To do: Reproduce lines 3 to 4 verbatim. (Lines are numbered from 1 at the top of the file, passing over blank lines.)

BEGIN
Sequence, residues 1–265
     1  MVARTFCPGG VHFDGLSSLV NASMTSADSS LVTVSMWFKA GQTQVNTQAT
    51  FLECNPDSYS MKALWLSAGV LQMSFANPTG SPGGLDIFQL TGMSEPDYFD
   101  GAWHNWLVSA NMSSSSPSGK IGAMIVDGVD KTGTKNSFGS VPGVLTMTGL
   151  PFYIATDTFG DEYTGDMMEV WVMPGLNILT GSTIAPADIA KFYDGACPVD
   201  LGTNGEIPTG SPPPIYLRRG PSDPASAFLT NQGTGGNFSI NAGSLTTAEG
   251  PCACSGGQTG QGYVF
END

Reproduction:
    51  FLECNPDSYS MKALWLSAGV LQMSFANPTG SPGGLDIFQL TGMSEPDYFD
   101  GAWHNWLVSA NMSSSSPSGK IGAMIVDGVD KTGTKNSFGS VPGVLTMTGL